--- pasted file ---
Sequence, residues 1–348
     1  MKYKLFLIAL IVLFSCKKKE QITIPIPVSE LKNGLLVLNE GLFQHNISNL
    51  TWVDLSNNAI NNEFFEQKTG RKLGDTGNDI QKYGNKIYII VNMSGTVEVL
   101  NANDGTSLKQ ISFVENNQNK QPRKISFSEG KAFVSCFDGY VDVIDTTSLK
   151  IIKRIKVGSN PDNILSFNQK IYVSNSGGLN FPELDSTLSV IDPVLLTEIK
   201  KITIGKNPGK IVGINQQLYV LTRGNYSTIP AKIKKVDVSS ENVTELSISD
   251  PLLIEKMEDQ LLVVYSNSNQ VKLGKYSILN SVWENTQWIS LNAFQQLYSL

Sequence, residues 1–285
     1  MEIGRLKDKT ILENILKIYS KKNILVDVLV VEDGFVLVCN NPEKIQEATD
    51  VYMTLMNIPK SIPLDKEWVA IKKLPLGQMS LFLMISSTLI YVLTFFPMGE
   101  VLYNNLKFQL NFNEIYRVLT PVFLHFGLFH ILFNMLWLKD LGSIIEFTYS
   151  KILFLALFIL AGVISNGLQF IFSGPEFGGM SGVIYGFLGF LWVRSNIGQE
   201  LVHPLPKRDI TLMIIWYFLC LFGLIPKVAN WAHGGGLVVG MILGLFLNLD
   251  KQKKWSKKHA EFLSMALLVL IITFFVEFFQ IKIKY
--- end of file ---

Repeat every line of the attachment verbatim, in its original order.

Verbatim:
Sequence, residues 1–348
     1  MKYKLFLIAL IVLFSCKKKE QITIPIPVSE LKNGLLVLNE GLFQHNISNL
    51  TWVDLSNNAI NNEFFEQKTG RKLGDTGNDI QKYGNKIYII VNMSGTVEVL
   101  NANDGTSLKQ ISFVENNQNK QPRKISFSEG KAFVSCFDGY VDVIDTTSLK
   151  IIKRIKVGSN PDNILSFNQK IYVSNSGGLN FPELDSTLSV IDPVLLTEIK
   201  KITIGKNPGK IVGINQQLYV LTRGNYSTIP AKIKKVDVSS ENVTELSISD
   251  PLLIEKMEDQ LLVVYSNSNQ VKLGKYSILN SVWENTQWIS LNAFQQLYSL

Sequence, residues 1–285
     1  MEIGRLKDKT ILENILKIYS KKNILVDVLV VEDGFVLVCN NPEKIQEATD
    51  VYMTLMNIPK SIPLDKEWVA IKKLPLGQMS LFLMISSTLI YVLTFFPMGE
   101  VLYNNLKFQL NFNEIYRVLT PVFLHFGLFH ILFNMLWLKD LGSIIEFTYS
   151  KILFLALFIL AGVISNGLQF IFSGPEFGGM SGVIYGFLGF LWVRSNIGQE
   201  LVHPLPKRDI TLMIIWYFLC LFGLIPKVAN WAHGGGLVVG MILGLFLNLD
   251  KQKKWSKKHA EFLSMALLVL IITFFVEFFQ IKIKY